On Chesil Beach follows that particular element to a T as it follows Edward and Florence on their honeymoon. Certainly, they have the typical newlywed jitters but with many things left unsaid, is this a union fated to end before it even begins?

"They were young, educated, and both virgins on this, their wedding night, and they lived in a time when a conversation about sexual difficulties was plainly impossible." So opens Ian McEwan's novel before exploring how Edward and Florence ended up in that hotel room. Neither halves led ideal upbringings but how much of that affected their later lives?

Dominic Cooke's adaptation stays generally true to McEwan's original story (certainly helped with McEwan himself writing the screenplay). Starring Saoirse Ronan (no stranger to McEwan's work) and Billy Howle, it doesn't quite capture the nuances of the novel but Cooke's theater background adds a particular flair to his feature film debut.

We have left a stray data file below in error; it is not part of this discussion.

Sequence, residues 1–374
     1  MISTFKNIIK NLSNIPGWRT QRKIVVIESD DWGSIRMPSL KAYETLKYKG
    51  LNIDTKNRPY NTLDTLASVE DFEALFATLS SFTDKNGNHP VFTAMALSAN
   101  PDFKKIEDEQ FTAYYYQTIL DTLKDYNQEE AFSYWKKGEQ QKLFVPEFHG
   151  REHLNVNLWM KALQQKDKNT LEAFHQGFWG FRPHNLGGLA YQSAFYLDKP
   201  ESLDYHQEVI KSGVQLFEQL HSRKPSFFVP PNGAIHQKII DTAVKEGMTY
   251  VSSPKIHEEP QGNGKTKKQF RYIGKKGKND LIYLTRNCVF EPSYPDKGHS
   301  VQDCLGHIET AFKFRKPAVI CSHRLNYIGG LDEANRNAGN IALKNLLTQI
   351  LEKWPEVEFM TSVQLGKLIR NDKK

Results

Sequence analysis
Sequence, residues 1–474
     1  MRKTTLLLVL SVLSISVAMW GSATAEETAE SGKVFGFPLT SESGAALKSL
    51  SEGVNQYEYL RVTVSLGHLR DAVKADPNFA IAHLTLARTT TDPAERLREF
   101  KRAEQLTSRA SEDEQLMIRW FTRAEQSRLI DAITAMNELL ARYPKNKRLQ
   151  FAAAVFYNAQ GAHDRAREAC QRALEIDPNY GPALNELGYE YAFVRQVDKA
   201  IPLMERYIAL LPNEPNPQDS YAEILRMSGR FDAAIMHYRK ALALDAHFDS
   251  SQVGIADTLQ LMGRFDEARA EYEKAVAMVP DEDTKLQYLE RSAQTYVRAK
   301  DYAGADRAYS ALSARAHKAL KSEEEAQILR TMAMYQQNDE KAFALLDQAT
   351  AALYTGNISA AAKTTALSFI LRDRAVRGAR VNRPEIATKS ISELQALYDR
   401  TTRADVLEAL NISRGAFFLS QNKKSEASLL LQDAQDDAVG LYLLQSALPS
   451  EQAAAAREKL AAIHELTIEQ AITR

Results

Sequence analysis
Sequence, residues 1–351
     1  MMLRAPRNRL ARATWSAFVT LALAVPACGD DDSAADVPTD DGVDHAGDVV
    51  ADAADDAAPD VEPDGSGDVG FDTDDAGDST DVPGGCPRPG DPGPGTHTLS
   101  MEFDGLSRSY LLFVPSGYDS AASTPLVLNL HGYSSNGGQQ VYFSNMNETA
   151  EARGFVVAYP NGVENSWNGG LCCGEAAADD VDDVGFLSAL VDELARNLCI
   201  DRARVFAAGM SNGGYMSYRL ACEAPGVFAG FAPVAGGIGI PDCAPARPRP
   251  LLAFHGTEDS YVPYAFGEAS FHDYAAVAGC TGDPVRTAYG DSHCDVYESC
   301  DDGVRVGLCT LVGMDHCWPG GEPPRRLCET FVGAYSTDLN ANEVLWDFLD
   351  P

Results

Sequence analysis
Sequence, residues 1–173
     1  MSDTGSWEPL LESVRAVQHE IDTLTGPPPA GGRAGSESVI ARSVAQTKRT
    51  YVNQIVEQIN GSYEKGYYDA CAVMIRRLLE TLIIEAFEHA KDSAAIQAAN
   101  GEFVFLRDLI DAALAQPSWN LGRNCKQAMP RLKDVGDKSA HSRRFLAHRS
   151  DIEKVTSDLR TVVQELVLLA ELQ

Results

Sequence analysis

So which is better: McEwan's book or Cooke's movie? While both follow the same story, their approaches to the conclusion differ. (The film ends on a somewhat happier note than the novel.) But while how they conclude aren't generally the same, they capture to devastating effect how the era Edward and Florence are a part of isn't as liberating as they once thought.

What's worth checking out?: The book.

The Great Lie